In stock markets, many are familiar with options, contracts that give their owner the option to buy or sell a stock at a certain price. Frequently, this buying or selling price is at a level which would not earn a profit (and would actually earn a loss) if the option were exercised immediately. Yet these 'out of the money' options still trade with a positive value in the market place, because traders are aware that simply having the option to buy or sell a stock at a fixed price has value. A stock price could, after all, change dramatically, suddenly making a previously 'out of the money' option very profitable since it allows you to buy a stock at a price well below the market rate, or sell it at a price well above the market.
Yet, optionality is not confined to financial markets. The worth we can see in the options market is actually a reflection of value that exists in our everyday world.
That is because we appreciate options in our daily life. For example, if someone offers you the opportunity to sell his or her products, that exercise might provide benefits in the future, even if you cannot find customers in the near-term. Maybe you will stumble upon potential matching customers, and then bang, you have something to sell them. There's also optionality in dating or a job search – you will be far more confident talking to three people than to one.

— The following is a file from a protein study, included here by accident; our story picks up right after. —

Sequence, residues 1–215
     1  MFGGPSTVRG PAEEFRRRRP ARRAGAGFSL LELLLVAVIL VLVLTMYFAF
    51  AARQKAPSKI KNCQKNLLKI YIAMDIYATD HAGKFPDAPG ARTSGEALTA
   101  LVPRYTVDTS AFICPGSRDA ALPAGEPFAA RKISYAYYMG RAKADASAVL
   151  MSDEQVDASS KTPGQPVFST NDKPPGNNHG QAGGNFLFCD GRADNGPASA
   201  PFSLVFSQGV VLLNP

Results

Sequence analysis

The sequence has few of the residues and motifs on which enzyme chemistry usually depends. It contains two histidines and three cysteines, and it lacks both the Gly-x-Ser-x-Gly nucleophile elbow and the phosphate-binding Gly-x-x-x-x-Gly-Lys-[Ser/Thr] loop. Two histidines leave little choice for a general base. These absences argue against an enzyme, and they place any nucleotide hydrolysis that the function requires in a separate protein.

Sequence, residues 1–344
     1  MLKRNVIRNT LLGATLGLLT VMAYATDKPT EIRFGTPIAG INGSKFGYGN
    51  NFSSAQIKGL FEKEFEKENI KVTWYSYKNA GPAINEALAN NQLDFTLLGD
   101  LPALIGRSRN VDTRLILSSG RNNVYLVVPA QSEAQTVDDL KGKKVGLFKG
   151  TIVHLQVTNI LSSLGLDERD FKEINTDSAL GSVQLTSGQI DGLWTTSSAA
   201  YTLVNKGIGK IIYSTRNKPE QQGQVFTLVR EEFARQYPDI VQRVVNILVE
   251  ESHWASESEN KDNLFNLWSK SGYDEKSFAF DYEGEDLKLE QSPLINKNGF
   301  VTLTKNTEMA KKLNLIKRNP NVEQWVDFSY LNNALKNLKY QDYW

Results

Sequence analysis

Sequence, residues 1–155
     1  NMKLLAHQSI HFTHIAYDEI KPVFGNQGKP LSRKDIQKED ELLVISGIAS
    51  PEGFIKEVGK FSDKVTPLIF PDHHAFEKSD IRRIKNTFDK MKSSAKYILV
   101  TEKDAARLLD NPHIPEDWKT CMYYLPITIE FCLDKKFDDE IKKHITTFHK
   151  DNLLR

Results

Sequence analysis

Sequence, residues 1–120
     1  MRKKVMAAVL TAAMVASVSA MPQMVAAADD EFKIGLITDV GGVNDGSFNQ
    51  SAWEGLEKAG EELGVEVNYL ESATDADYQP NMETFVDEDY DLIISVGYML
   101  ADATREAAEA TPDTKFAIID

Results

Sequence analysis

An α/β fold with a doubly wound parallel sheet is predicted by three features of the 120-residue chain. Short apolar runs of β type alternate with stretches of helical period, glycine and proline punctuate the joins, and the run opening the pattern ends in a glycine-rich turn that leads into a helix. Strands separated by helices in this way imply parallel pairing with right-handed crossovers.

There are a multitude of options literally sitting in front of us, which we routinely ignore, despite the fact that they are frequently free for us to grab. Options traders are jealous, since they have to pay something for even the most remote stock option.
So look around. There are opportunities to pick up options everywhere, many free to own and lying in plain sight. That is because few realize that there is real financial value to optionality.
We once spoke with a small brokerage company who owned a large office building. One of the directors explained how when he first rented his office space in the building, he also asked for a clause that allowed him the option to buy the entire building at a price well above the current market price. The owners obliged rather easily, figuring that, heck, they will make out like bandits even if the guy uses his option. A few years later, property prices sky-rocketed, and an option, picked up as an after-thought to negotiations, ended up being a huge money maker.